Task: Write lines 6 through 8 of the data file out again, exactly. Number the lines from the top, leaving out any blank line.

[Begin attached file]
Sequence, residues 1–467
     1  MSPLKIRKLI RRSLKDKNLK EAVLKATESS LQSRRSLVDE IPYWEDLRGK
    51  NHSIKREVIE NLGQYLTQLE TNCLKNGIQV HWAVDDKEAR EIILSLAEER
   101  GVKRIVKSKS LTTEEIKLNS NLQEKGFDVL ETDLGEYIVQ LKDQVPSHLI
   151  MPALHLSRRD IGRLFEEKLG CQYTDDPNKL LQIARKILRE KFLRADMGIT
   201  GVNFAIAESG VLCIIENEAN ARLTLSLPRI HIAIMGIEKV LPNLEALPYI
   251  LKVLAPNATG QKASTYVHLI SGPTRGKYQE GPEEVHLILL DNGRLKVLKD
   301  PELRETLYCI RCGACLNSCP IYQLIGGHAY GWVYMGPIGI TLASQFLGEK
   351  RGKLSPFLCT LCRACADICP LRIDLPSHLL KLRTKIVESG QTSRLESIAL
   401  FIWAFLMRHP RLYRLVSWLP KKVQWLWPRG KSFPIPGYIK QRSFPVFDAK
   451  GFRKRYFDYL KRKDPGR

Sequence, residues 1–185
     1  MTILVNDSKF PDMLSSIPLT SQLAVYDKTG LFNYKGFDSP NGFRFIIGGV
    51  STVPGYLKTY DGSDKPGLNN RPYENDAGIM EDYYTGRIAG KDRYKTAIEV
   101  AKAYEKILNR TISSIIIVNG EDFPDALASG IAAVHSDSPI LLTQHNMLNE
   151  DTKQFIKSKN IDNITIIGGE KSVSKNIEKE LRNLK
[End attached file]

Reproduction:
   201  GVNFAIAESG VLCIIENEAN ARLTLSLPRI HIAIMGIEKV LPNLEALPYI
   251  LKVLAPNATG QKASTYVHLI SGPTRGKYQE GPEEVHLILL DNGRLKVLKD
   301  PELRETLYCI RCGACLNSCP IYQLIGGHAY GWVYMGPIGI TLASQFLGEK